Riley says he has Obsessive Compulsive Disorder – I’m not so sure. The absolute routine of Riley’s world has a purpose. He has told me that if he gets everything done that needs to be done, his time then becomes his own do to with as he pleases. And what he pleases is alcohol related. In his mind, it’s OK to be drunk to the point of peeing your pants, if the kitchen counter is spotless. It is OK to be oblivious to the end table having rings from his beer cans if he vacuumed the floor this morning. That doesn’t sound like OCD to me. It sounds more like alcoholic behavior.

There is a jagged sort of logic in his thinking. It’s not one I agree with – but it belongs to him and I have no right to try to take away his thought process. As he – again – progresses towards end-stage, he needs those daily reminder towels to keep him on task because he sometimes confuses Monday with Wednesday. He has difficult remembering his self-assigned tasks and when he is to do them or even if he has already done them.

I know that part of it is the memory loss from the stroke. But I am also acutely aware that most of it is that his frontal lobe is saturated with ammonia and therefore not truly able to agree to anything for a long period of time. I also know that he finds some kind of “pay back” in creating minor difficulties for me.  If he is not happy in the living arrangement, he will not let me be happy either. Or, if he makes me miserable enough, I’ll send him away.  Whatever…

I just want to give fair warning… if I see that Tuesday Towel around here, I will promptly burn it and then claim no knowledge.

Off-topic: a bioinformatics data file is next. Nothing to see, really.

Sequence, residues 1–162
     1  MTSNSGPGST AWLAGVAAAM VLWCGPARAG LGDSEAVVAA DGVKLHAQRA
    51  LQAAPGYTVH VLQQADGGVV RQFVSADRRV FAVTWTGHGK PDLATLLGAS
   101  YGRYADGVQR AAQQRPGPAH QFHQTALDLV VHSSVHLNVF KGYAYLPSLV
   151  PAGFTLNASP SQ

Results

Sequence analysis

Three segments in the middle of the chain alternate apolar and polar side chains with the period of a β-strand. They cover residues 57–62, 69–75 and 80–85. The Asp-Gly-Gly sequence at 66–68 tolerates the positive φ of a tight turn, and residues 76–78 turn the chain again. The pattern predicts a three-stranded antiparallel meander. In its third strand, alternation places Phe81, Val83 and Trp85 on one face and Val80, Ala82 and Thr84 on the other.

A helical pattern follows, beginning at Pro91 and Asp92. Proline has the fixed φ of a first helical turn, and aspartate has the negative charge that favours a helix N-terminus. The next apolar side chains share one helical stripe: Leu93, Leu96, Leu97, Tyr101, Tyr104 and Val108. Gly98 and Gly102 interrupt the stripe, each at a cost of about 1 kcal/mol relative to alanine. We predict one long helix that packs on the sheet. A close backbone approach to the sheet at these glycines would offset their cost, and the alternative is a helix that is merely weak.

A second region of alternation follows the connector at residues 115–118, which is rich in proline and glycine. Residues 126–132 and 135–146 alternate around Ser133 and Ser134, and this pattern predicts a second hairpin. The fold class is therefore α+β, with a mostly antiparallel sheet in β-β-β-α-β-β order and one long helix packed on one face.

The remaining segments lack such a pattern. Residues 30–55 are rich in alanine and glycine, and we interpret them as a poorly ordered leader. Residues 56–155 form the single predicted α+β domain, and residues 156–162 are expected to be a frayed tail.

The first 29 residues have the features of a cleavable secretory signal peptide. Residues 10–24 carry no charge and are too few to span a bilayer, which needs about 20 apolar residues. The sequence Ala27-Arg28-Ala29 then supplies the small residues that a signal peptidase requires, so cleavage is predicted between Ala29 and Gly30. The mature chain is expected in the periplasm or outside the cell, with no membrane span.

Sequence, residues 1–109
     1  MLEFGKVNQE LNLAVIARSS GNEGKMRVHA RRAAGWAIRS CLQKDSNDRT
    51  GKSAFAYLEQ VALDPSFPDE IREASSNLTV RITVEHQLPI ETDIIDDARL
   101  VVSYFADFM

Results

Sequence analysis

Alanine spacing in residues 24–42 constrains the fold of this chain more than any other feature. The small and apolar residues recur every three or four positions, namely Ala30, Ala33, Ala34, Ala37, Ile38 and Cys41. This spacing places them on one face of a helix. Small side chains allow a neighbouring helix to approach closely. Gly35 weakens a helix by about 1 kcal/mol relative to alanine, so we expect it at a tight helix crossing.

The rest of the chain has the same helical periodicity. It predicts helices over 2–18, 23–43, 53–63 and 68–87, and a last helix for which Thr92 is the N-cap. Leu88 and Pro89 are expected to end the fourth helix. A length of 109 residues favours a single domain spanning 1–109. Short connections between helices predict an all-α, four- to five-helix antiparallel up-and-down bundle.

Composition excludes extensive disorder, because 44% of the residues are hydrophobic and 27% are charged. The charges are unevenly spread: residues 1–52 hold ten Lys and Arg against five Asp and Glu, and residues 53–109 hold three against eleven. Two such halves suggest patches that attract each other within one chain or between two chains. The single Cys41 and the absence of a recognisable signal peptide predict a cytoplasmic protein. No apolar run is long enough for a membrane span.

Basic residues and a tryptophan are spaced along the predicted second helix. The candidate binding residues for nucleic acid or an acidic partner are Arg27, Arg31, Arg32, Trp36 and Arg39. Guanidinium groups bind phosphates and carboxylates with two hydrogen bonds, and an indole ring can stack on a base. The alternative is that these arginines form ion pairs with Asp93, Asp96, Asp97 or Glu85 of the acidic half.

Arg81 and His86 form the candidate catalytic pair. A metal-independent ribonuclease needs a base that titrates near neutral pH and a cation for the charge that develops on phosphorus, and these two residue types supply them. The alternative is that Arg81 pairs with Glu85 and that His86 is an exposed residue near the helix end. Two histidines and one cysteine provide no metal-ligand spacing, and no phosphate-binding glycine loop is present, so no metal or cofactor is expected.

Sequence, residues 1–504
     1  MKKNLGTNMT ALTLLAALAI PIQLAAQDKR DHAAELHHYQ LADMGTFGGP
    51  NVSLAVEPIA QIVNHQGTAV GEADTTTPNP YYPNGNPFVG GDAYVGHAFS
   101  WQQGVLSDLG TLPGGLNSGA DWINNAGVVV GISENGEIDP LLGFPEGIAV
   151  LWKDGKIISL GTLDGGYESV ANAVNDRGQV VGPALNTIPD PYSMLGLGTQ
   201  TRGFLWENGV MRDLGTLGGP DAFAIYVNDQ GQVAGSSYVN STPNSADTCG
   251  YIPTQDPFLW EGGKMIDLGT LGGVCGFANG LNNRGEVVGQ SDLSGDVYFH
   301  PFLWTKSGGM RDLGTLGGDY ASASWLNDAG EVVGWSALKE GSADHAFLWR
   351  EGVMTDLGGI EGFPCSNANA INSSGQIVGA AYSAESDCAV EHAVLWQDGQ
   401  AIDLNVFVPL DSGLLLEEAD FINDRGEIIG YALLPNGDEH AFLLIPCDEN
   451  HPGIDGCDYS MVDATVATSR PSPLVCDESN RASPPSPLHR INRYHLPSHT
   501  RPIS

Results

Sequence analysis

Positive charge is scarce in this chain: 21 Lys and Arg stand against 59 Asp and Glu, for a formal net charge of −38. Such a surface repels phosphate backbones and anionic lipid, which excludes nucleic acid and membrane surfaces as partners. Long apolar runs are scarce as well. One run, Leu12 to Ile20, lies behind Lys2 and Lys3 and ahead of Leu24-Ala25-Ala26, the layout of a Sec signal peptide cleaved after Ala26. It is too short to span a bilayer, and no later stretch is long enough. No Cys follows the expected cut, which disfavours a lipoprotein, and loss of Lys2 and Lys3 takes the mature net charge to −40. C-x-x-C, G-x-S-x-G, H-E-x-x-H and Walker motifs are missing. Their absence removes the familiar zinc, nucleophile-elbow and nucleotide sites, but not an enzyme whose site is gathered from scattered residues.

3 comments:

Syd said...

I remember those flour sack pillow cases. My grandmother made them. I believe that they are still around. Your story brought back memories. I am sad though for the little girl who made those towels.

Jennifer said...

I haven't thought of it this way before, but I notice the same behavior in my husband. When he seemingly has a wild hair causing him to clean out the garage or the basement boxes, it precedes a bout of drinking as though he has earned it for a job done. Daily chores, of course, are my responsiblity in order to maintain consistency. Thus, these outbursts of re-organization or sudden need to contribute (such as dumping ingredients of his own distorted ideas into a recipe I am carefully measuring)is just as disruptive as other unsettling behavioral manifestations of his illness.

Gabriele Goldstone said...

Rings a true note for me, too. My mother had a day for every chore. I rebelled when I had my own family. Wash clothes when they're dirty and avoid ironing completely.
The drinker in my life is very rigid - and yes, I've also noticed how he cleans up before he settles down to drink. He did quite well - 2 wks. - almost. I left a little bit of cash in his acct. as a test - and for bank charges. Gone. Yesterday he vacuumed the basement like crazy and then disappeared. But he'll be surprised when the acct. stays empty.